Fr Flader: Who are the Maronite Catholics?

Holy Thursday. Photo: Maronite Eparchy of Australia/St Joseph’s, Croydon.

You mentioned in an earlier article that the Maronites in Sydney have welcomed replicas of the tomb and the body of St Charbel. I am not familiar with the Maronites. I presume they are Catholics but exactly who are they?  

In simple terms, the Maronites are Catholic faithful of the Maronite Rite, one of the 21 Eastern rites in the church. They take their name from St Maroun, a Syriac Christian hermit who lived near Antioch, in Syria, and died in 410AD. The first Maronites were his followers, drawn to him by his great holiness.

The origin of the Maronites as a distinct Eastern rite came following the Council of Chalcedon in 451, which declared that the one person of Jesus Christ has two natures, divine and human. The Syriac, Alexandrian and Armenian Churches rejected that declaration and broke away from the Catholic Church. The followers of St Maroun, who remained loyal to the Catholic Church under the pope, then became known as Maronites. They follow the Antiochian religious tradition, along with faithful of the Syrian and Syro-Malankara Rites, and they use Aramaic, the language spoken by Jesus, in some parts of their liturgy, including the consecration.

The Maronites are the only Eastern rite which has always been part of the Catholic Church. The others are faithful of what were once Orthodox Churches, separated from Rome, but who later returned to full union with the church.

The Maronites later migrated from Syria to the area of Mt Lebanon, where paganism persisted. In the early fifth century, St Maroun sent Abraham of Cyrrhus, often referred to as the Apostle of Lebanon, to convert the pagans. With the conversion of many of them, they changed the name of the Adonis River to the Abraham River.

St Maroun is the patron saint of the Maronites, the only rite that bears the name of its founder. Maronites are known for their great love for the Blessed Virgin Mary, their strong commitment to the faith and their unwavering loyalty to the Holy See. They have their own Patriarch, who oversees the faithful of the rite around the world.

Maronite Catholics
The Maronite Bishop of Australia, Bishop Antoine-Charbel Tarabay. PHOTO: Giovanni Portelli

The Maronites have had a troubled history. As early as 517, some schismatic Christians, followers of those who left the church after the Council of Chalcedon, massacred some 350 Maronite monks. With the Muslim conquest of the region in 637, the Maronites were able to escape persecution and retain their independence around Mount Lebanon and some parts of the Mediterranean coast. In 685, they appointed St John Maroun their first Patriarch, but this made the Byzantine Emperor furious, leading to persecution of the Maronites by the Byzantines.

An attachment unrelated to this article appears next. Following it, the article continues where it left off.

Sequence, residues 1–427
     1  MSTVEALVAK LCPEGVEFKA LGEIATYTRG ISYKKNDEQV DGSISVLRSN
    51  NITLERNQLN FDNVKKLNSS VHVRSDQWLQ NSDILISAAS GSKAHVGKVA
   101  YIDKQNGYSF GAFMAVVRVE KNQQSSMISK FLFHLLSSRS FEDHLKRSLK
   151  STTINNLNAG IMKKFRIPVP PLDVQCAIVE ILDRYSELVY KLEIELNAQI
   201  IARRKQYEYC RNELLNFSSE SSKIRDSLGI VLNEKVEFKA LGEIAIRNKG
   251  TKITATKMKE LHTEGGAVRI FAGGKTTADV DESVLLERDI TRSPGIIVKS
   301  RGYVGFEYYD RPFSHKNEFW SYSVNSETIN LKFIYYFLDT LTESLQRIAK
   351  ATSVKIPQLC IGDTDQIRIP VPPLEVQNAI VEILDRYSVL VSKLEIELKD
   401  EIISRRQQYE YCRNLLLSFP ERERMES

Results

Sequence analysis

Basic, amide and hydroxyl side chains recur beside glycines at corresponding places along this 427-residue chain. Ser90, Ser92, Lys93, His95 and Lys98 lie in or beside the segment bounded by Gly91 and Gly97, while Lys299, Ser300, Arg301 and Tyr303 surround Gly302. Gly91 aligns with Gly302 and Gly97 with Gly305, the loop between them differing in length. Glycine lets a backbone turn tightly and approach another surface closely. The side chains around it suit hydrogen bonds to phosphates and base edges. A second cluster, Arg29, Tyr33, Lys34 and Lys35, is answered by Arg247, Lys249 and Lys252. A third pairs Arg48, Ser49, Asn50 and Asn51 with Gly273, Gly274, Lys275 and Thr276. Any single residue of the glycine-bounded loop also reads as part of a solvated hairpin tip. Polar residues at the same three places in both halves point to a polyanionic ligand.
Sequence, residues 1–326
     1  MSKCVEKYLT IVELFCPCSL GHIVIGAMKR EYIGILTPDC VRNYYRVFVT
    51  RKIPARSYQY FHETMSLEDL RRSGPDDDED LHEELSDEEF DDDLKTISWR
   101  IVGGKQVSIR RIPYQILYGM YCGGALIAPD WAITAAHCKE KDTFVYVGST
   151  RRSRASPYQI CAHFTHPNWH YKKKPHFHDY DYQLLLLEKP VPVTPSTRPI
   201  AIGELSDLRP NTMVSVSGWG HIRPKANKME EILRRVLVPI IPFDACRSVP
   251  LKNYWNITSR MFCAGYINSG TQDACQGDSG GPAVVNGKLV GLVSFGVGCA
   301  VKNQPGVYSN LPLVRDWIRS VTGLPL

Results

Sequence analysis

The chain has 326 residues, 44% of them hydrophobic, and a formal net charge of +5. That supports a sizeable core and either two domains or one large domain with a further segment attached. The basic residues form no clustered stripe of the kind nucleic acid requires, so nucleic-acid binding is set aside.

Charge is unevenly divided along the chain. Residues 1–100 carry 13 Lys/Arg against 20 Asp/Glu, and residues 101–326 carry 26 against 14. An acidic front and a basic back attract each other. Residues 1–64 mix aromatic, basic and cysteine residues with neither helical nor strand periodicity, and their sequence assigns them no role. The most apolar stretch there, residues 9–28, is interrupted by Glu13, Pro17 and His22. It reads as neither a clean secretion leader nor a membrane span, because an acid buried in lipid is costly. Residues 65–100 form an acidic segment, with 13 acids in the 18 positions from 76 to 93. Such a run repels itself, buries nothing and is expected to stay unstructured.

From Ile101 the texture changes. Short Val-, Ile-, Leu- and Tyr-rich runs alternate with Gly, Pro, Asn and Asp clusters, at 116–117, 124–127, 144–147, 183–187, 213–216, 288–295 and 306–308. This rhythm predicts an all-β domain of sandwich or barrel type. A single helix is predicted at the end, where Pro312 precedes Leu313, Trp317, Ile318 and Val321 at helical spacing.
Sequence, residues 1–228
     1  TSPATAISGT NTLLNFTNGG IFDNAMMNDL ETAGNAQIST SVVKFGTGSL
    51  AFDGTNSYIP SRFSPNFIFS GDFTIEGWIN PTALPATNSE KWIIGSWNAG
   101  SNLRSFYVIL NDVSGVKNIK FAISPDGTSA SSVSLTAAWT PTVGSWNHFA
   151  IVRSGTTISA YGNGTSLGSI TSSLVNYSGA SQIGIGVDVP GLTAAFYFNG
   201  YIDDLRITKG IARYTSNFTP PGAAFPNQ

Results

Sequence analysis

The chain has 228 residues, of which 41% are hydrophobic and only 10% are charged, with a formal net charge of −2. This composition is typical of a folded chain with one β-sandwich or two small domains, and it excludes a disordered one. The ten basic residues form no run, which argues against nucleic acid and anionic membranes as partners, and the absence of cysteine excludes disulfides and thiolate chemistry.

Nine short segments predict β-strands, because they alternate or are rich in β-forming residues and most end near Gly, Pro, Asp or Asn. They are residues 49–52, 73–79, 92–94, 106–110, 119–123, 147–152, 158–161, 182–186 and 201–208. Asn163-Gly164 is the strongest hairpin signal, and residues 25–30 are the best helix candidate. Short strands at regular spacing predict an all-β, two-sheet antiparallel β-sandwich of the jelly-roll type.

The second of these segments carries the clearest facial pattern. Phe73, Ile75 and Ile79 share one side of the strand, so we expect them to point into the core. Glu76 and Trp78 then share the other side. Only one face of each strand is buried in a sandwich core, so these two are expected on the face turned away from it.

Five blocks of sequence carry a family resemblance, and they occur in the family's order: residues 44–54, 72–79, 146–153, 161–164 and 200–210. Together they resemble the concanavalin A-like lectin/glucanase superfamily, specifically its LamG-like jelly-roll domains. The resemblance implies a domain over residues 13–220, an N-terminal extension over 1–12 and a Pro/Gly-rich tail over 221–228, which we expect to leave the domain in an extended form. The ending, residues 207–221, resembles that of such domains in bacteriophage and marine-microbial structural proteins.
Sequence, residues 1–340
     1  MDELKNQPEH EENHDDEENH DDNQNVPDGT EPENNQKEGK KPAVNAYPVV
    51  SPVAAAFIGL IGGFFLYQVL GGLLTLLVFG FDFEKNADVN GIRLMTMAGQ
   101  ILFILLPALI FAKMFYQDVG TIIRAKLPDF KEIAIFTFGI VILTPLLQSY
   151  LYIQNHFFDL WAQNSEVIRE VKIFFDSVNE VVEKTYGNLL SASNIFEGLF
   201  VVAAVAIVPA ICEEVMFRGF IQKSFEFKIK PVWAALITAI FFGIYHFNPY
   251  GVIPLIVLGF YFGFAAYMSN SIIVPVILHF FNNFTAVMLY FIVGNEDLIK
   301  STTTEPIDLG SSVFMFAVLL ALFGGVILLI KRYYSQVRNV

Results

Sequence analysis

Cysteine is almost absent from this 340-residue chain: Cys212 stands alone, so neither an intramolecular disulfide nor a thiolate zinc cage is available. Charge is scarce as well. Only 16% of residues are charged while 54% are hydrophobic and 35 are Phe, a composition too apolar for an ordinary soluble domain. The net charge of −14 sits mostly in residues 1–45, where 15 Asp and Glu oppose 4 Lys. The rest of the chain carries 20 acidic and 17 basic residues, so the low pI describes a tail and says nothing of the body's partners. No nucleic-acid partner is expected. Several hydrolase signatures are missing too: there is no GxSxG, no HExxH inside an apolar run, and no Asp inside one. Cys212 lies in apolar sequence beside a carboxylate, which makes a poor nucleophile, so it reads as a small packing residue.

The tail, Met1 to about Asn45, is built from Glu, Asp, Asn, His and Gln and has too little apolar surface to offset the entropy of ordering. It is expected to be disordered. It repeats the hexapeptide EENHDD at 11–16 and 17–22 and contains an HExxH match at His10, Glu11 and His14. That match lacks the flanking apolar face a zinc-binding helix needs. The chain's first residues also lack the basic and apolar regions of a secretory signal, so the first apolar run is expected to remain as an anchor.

In 694, Emperor Justinian II sent an army to attack the Maronites, destroying their monastery in the Orontes valley and killing 500 monks. The Maronites retaliated and defeated the Byzantines at Amioun, killing two of their best generals. In 936, Arab Muslims destroyed several Maronite monasteries, attacking them on religious grounds. As is to be expected, the Maronites welcomed the Christians who arrived in the first crusade in 1096. The Maronites continued to grow in number and late in the 12th century there were some 40,000.

The 1860 Mount Lebanon civil war between the Druze and Maronite Catholics resulted in the death of thousands of Maronites, while another 4,000 died from hunger and disease as a result of the war.

Famine during World War I killed an estimated one third to one half of the population, and the Lebanese Civil War between 1975 and 1990, saw the exodus of many Maronites from Lebanon to other parts of the world, especially the Americas.

At present, there are over 160,000 Maronite Catholics in Australia. They are very fervent in the practice of their faith, with some 50 per cent attending Mass every Sunday.

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